DruidsBladeTerryBrooksThe High Druid’s Blade: The Defenders of Shannara by Terry Brooks is the tale of a young man, Paxon Leah, who journeys to save his kidnapped sister, Chrysallin, from a mysterious sorcerer named Arcannen. Paxon comes from a legendary family and discovers that he has inherited the magical blade of his ancestors. What follows is a tale of magic, intrigue, action, adventure, and secrecy.

Set in a world where magic has been banned by the ruling government called the Federation, things come to a shocking start when the relic sword hanging in Paxon Leah’s house proves to possess magical ability. However, Paxon doesn’t know how to wield such magic… yet. Only the isolated Druids have the answers to the many secrets of magic.

The first half of the novel is a bit slow, but things really pick up when Paxon is summoned to train in Paranor, the keep of the Druids. In Paranor, we learn more about the world of magic and the conflicts surrounding it. The plot really takes shape and all of the motivations of the characters, both bad and good, come to light. Secondary characters, such as Leofur Rai, Grehling Cara, and the Ard Rhys, provide colorful countenance to the personal tale of a brother trying to save his sister from doom. The antagonist, Arcannen, proves to be more complicated than I thought at first. There is more at play to the whole situation than what appears on the surface, and that will keep you turning the pages.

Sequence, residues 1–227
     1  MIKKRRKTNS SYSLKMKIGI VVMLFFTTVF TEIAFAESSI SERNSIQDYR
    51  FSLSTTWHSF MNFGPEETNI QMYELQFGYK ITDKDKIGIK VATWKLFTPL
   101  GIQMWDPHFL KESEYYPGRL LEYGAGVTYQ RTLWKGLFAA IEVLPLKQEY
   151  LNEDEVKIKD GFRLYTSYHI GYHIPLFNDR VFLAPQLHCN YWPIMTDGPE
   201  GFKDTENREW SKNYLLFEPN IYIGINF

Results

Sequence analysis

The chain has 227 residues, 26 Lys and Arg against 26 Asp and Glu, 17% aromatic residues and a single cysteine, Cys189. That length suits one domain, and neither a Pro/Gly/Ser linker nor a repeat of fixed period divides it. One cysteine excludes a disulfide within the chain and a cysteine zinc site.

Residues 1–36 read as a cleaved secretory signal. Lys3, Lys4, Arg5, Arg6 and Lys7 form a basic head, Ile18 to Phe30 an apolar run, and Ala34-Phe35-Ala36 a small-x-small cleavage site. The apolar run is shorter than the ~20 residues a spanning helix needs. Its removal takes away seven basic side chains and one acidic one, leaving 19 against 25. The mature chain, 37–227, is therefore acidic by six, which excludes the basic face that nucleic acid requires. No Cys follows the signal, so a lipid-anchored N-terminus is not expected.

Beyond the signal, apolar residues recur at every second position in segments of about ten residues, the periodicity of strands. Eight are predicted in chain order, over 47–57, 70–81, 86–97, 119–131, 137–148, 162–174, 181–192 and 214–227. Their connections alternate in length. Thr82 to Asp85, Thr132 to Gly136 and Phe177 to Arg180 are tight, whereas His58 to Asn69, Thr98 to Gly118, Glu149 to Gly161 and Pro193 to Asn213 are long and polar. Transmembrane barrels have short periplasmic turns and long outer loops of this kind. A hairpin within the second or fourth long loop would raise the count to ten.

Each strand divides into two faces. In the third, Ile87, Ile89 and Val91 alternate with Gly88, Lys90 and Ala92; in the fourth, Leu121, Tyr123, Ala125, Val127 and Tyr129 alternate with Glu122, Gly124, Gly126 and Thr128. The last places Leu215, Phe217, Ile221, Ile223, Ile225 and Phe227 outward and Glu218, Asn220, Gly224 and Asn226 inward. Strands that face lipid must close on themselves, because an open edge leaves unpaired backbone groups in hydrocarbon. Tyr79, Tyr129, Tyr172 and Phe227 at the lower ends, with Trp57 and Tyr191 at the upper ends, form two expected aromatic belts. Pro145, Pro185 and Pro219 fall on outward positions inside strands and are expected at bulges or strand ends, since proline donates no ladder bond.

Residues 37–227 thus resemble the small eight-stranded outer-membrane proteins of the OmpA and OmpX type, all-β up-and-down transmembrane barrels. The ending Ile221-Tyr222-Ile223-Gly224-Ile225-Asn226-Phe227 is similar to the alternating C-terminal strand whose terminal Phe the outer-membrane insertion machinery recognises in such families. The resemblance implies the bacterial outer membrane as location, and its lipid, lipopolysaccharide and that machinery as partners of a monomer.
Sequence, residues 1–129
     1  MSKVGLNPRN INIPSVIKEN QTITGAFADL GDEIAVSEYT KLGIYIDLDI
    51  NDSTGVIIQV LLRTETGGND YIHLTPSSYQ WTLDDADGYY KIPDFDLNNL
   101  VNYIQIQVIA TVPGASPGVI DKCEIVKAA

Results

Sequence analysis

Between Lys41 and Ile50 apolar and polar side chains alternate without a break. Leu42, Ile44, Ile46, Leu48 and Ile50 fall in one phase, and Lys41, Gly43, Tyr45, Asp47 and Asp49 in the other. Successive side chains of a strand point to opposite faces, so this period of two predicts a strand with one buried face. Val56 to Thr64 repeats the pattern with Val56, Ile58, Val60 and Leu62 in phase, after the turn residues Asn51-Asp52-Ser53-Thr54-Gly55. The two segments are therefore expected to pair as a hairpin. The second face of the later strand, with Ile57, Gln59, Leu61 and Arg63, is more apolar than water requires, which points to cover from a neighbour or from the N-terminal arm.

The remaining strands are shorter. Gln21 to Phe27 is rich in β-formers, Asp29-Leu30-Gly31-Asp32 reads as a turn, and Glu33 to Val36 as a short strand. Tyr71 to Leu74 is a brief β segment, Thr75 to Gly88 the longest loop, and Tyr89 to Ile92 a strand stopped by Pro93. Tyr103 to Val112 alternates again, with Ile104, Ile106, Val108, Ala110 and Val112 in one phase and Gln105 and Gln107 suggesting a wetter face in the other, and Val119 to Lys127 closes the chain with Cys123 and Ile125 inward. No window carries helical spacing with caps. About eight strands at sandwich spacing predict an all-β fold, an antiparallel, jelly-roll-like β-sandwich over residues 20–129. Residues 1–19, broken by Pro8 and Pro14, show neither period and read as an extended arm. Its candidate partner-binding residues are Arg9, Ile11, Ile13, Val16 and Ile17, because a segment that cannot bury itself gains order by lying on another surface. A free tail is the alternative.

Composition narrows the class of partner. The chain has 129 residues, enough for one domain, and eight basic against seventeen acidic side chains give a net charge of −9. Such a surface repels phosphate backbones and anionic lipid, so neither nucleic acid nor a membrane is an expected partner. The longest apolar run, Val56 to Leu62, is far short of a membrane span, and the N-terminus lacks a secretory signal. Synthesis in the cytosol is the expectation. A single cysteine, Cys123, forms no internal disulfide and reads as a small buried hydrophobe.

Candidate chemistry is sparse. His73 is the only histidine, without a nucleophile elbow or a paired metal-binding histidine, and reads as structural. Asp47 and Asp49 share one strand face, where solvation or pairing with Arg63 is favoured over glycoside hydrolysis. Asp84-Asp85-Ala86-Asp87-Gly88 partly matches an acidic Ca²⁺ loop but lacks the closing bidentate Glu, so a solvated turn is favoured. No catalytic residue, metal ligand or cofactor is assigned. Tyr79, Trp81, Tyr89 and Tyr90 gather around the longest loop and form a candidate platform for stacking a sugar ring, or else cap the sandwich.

Druid’s Blade is more of a personal saga of Paxon’s life than the usual quest that Brooks often features in his novels. Brooks has been writing books set in the Four Lands of Shannara since the 1970s. Being a fan of Brooks’ earlier novels (The Sword of Shannara, The Elfstones of Shannara, and The Wishsong of Shannara), I couldn’t help but notice how different and modern Druid’s Blade was in comparison. Unlike his other ‘epic’ novels, Druid’s Blade is a way more personal story that takes place on a much smaller scale than his other books. Instead of a grand epic quest, it is more a personal growth story. But don’t count out the fun, action, mysteries, or grand fights — they are all there and brimming with excitement. Brooks ends this one on a cliffhanger, so stayed tuned for more…

For someone who has never read any of the Shannara books before, don’t be afraid of this book. In fact, it might even be a great place to introduce yourself to all of Brooks’ novels. Druid’s Blade is a great standalone book and will definitely throw you headfirst into the world of Shannara. I found this book refreshing and new in comparison to Brooks’ other novels. For any fans of fantasy/epic novels, this would certainly be a fun addition to your reading list! Comment below with your thoughts!

Druid’s Blade will be out on July 8, 2014, and is available for preorder at Amazon.com.

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